This important research explores the effects of district policy interventions on the distribution of teacher qualifications and student achievement. Authors use a 5-year span of individual teacher- and student-level longitudinal data from New York City (NYC) from 2000 through 2005 to estimate the differences in the effectiveness of teachers entering NYC schools through different pathways to teaching. The study finds that the gap between the qualifications of NYC teachers in high-poverty and low-poverty NYC schools has narrowed substantially since 2000, mostly ensuing from the city's concentrated effort to match exceptionally capable teachers with very needy students and the virtual substitution of newly hired uncertified teachers in high-poverty schools with new hires from alternative certification routes: NYC Teaching Fellows and Teach for America.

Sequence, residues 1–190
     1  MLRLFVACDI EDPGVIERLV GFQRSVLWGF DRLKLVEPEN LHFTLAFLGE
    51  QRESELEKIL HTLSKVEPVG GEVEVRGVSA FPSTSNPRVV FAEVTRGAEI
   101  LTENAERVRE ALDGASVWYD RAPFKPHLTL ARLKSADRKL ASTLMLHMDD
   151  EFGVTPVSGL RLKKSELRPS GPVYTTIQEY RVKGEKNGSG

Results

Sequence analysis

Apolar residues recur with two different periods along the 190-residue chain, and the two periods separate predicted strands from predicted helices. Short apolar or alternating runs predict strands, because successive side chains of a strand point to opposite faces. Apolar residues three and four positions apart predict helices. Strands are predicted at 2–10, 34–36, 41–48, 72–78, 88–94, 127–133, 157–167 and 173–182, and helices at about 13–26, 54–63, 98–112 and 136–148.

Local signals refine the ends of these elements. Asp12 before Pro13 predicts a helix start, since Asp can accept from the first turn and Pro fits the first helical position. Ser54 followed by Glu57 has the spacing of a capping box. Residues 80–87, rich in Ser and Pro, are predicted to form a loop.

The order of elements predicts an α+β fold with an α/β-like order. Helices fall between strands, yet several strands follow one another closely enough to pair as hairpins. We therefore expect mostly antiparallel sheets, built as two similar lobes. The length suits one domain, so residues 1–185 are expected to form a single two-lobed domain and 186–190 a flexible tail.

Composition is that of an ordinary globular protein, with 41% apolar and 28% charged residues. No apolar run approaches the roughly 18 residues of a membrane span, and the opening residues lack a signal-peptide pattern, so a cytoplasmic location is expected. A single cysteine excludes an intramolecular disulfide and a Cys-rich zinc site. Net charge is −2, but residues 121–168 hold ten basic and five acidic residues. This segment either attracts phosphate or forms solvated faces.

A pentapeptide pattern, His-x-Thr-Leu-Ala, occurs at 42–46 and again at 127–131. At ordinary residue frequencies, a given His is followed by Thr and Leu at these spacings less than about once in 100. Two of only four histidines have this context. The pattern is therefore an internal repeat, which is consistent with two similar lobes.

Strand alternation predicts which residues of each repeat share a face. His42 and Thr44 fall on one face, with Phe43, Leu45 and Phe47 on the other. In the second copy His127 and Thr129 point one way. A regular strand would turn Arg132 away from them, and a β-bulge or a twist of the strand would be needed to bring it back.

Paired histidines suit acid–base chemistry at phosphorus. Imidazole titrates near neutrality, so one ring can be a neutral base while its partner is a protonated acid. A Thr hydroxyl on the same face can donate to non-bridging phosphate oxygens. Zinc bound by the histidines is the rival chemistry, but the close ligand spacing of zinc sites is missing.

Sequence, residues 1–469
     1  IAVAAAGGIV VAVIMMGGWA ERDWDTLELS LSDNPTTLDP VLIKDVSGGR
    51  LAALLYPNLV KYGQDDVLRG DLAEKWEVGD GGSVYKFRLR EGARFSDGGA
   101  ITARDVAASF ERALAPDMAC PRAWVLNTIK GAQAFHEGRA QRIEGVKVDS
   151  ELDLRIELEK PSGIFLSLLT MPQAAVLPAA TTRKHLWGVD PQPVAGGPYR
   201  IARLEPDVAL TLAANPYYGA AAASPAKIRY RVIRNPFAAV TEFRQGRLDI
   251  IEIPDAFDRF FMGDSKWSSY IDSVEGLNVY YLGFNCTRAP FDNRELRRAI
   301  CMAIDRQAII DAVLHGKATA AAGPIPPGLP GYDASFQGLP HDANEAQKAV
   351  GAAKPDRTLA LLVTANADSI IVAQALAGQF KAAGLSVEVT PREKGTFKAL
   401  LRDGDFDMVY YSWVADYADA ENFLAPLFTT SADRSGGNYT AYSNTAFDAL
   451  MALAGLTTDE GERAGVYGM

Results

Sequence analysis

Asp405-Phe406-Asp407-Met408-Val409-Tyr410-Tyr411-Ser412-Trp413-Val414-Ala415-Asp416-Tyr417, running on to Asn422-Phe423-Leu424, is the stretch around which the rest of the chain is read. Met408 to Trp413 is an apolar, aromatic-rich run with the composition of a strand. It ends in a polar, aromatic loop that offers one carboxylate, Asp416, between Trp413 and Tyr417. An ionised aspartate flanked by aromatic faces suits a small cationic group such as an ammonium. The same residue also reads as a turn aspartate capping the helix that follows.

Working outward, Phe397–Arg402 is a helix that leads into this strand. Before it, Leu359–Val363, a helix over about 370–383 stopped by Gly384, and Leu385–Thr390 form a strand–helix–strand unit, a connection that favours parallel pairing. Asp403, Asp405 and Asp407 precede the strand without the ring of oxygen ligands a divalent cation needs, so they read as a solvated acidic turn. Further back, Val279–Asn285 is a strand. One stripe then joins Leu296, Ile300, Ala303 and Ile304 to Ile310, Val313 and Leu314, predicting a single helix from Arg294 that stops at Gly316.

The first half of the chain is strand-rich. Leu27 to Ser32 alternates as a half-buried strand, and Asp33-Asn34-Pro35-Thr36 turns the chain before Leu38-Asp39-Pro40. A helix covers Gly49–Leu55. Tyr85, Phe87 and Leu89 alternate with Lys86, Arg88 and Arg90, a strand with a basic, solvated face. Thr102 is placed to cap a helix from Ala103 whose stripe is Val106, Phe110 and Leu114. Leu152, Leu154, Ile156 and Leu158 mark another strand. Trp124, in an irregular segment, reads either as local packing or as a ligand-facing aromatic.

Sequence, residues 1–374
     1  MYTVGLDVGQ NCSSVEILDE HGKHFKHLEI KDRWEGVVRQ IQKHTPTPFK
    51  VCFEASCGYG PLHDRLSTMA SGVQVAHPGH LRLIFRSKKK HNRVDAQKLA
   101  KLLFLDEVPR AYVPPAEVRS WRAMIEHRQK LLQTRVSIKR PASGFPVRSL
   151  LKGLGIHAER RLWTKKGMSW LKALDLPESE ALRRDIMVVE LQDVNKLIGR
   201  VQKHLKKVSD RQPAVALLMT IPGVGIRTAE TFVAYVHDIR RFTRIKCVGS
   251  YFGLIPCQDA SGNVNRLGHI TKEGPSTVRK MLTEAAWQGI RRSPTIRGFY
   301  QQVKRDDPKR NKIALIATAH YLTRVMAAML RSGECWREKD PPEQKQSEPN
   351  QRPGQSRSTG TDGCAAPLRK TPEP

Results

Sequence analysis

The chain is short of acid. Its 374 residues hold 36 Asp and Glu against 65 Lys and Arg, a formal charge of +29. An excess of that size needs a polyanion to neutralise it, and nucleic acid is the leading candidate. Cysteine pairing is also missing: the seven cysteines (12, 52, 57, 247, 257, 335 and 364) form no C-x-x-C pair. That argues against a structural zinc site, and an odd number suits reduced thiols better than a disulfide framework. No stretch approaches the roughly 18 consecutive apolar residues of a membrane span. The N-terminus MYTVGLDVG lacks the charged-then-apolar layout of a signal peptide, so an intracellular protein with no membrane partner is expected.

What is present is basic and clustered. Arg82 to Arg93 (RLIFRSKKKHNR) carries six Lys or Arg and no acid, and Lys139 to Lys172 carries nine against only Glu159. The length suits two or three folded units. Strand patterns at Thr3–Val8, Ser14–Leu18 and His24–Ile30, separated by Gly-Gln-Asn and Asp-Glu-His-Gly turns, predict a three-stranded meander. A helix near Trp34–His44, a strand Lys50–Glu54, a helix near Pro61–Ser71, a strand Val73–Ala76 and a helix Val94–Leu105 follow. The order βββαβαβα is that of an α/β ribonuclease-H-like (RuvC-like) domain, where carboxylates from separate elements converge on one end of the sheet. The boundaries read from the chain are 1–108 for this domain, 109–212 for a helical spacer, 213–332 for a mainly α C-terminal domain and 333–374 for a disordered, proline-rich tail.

The Narrowing Gap in New York City Teacher Qualifications and Implications for Student Achievement in High-Poverty Schools
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